Projects

European Values Study (EVS) was originally initiated by a Dutch Jesuit in 1981; data is collected every nine years for the research. The focus of the research is to reveal the social presence of Christian values; to indicate change in these values. In 2008, the European Office of Hungarian Jesuits (OCIPE) supported the publication of the results of this research. The Institute wishes to support the data collection and the subsequent research, in 2017.

Through playing STRATAGEM simulation game, in Fall, 2015, thirty-five students, from six countries (V4, Croatia and Slovenia) became familiar with the model of a poor, overpopulated, exponentially developing country. With the support of the game master the groups’ task was to shift this model towards sustainable development. Each group had representatives from different countries, thus during the game students, from the Central Eastern European region, had the opportunity to solve global economic, environmental, and political issues, in cooperation with each other.

European Network of Jesuit Colleges of Advanced Studies (in Hungarian: Jezsuita Egyetemi Kollégiumok, JEK), in 2015, organized an economics-focused summer university, titled “Interdisciplinary Understanding of Normativism in Economic Research.” The main purpose of the event was to answer how particular theoretical paradigms occur in everyday life (mainly in politics and economy.) Moreover, both lecturers and participants sought to answer, how normativism manifests in Political Science and Economics. At the end of the program Finnish, Russian, Bulgarian, Polish, Czech and Slovenian students, along with Hungarians, published together their findings, on the issue of normativism, in a volume, titled after the event.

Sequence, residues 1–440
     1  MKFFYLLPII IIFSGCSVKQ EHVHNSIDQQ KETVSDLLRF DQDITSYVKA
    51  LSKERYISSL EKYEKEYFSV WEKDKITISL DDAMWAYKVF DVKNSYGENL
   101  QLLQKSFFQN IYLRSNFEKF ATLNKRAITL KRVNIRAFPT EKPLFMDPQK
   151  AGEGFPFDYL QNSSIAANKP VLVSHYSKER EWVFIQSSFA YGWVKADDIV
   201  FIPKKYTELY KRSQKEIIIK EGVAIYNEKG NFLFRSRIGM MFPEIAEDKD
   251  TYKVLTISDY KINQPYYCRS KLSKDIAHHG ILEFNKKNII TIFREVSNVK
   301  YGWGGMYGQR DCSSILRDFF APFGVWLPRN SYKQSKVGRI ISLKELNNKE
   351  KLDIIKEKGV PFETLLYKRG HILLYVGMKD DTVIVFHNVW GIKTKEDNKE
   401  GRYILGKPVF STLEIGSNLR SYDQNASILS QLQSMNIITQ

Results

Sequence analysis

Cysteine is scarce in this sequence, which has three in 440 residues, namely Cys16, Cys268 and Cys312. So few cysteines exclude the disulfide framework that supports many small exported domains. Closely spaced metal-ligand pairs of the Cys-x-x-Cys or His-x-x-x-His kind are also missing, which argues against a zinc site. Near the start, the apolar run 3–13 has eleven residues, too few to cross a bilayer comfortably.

Playing EU Crisis Simulation Game, in November, 2016, approximately sixty university students could try themselves out first, as the members of the European Council, then as the members of the European Parliament. Each group represented a member state, while containing players from multiple nations. The game centered around the following questions: How can the EU survive? What kind of EU would you like to live in ? The participants had time, and opportunity, to provide detailed, and in-depth, answers to these questions. The event was organized by European Network of Jesuit Colleges of Advanced Studies (in Hungarian: Jezsuita Egyetemi Kollégiumok, JEK).

Do you want to be the CEO of a fictional fishing company? Would you like to know how you should manage the fleet of your company to maximize the profit? The participants of the October, 2016 Fishbanks Simulation Game said a uninamous yes to these questions. Fishbanks is a multiplayer web-based simulation, in which participants play the role of fishers, and seek to maximize their net worth, as they compete against other. Participants buy, build, and sell ships; decide, where to fish, meanwhile, seeking opportunities to negotiate. The simulation game is excellent for illustrating the problems of sustainable development.

The volume, ”Hegymenet. Társadalmi és politikai kihívások Magyarországon” (Ascent: Social and Political Challanges in Hungary), published by Osiris Publishing House in May, 2017, proposes to list, outline and offer solutions for, the most significant challenges of today’s Hungarian politics and society. The publication contains essays by both practicing professionals and theoreticians.

By supporting the production of this book, the Institute wishes to initiate round table discussions with political decision-makers, in the months following the tome’s publication. Serving as a political pamphlet, the Institute trusts that the volume will promote evidence-based debates, and will lay down the foundation for in-depth discussions. The book was edited by András Jakab and László Urbán.